FabLearn – Engaging Gen WiFi in Stem

Lauriston Girls High School hosted the first Australian Fablearn conference on Friday 3rd July 2015. The conference was similar to event hosted by Stanford Graduate School of Education and showcased a range of engaging keynote speakers and practical workshops by educators pioneering the STEM movement in Australia. 

The Principal of Lauriston Girls High School – Susan Just has been influential in setting up Australia’s first Fablab and provided a good insight into the key attributes in creating a Fablab, they include:

  • Make mistakes, but learn from them
  • Be persistent
  • Take risks
  • The ‘A’ in STEAM stands for ‘Any Subject’ – promote integration of disciplines
Lauriston Girls’ School’s FabLab@School officially opened in April 2014. In a collaborative partnership with Stanford University’s Graduate School of Education, Lauriston is the first school in Australia to launch its own Fabrication Laboratory (FabLab) and one of only six in the world.

The keynote presentation was given by Chief Scientist for Australia – Professor Ian Chubb on The Future of Stem. Professor Chub outlined that science is a tool to change the world for the better, however it is not about learning the periodic table but about thinking scientifically and applying scientific knowledge. Furthermore, Professor Chubb also discussed the declining student numbers in Advanced Mathematics and high level Sciences such as Physics and Chemistry across Australia. He posed the question that maybe STEM is a great opportunity to change this trend?

The continuing decline in science and mathematics students in Australian High Schools

Dr Genevieve Bell who is an Australian-born anthropologist and researcher followed Professor Chubb with a presentation on The intersection of culture and technology in. Dr Bell is employed by Intel Labs and leads a research team of social scientists focusing on the audience and impact of new technology. Dr Bell gave a great insight into the impact of new technology on a social and cultural level. She also discussed the need for humans to be disconnected from the technology that is always connected and reflected on the scope of our digital footprint over the next 20 years.

New technology presents not just technical problems but also social and cultural problems – Genevieve Bell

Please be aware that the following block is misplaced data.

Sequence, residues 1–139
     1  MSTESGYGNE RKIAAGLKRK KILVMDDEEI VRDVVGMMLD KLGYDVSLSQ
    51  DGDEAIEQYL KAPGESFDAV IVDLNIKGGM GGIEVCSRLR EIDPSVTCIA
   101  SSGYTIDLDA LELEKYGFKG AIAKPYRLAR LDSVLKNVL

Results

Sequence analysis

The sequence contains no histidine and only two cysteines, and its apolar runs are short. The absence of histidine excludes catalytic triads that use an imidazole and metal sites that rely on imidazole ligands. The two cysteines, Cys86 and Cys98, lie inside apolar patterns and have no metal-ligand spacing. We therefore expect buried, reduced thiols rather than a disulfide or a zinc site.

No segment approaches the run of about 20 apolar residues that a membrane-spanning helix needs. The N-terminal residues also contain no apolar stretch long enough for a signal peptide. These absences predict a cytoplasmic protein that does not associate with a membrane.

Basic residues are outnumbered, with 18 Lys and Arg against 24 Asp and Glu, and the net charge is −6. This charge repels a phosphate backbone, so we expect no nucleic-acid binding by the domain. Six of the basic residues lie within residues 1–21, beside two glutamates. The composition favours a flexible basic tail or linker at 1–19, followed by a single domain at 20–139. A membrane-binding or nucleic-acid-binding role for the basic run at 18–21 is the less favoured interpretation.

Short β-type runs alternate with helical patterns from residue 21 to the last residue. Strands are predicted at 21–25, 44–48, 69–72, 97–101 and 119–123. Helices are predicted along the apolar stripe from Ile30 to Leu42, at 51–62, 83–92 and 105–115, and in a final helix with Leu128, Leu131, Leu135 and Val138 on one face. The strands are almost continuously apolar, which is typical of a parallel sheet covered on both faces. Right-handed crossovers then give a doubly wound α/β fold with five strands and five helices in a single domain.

Session 1 – 3D Fabricated Watch

My first session in the conference examined how a 3D printer coupled with the software inventor could be used to design and manufacture a watch. This gave a great insight into how small projects in design can produce big results. Too often we undertake large scale projects that are not feasible and often we fail to recognise the impact of small quality projects in the learning continuum.


The key takeaway’s of this session included:

  • providing students with an authentic design problem
  • allow students to use industry tools to construct the product
  • allow students to create beautiful work

Session 2 – Aerodynamics Workshop

This session was presented by myself and Jarryd Cook. Our aim was to expose the participants to the different ways fabrication tools such as the laser cutter could be used in an aerodynamics project.

We presented them with the problem:

Which force has the greatest effect on flying objects?

Constructing a need to know list

In groups, participants connected existing knowledge via a Carousel Brainstorm Protocol. This exposed them to the four forces in aerodynamics and other knowledge such as Bernoulli’s principle and Newtown’s Laws. The next task required participants to construct a paper plane and test how the different forces effect its ability to fly over distances.

Paper Plane being tested

The final task required the groups to construct and test a rubber band aeroplane that was designed and cut from the laser cutter. Each group discussed their findings at the end of the session.

Constructing their rubber band aeroplane

The final part of the conference was a tour of Swinbourne Universities purpose built ‘Factory of the Future’. The aim of the learning space is to connect design students with contemporary fabrication tools and businesses in order to design and manufacture innovative products for the future. The technology on show gave me a very good insight into the types of projects that students will be creating in STEM in the future.

3D printed  prosthetic limb

Overall, the first fablearn Australian was a great success. Congratulations to the staff at Lauriston Girls High School for their work in pioneering this great work I can’t wait for the 2016 showcase.

Some examples of student work from Lauriston can be seen below:

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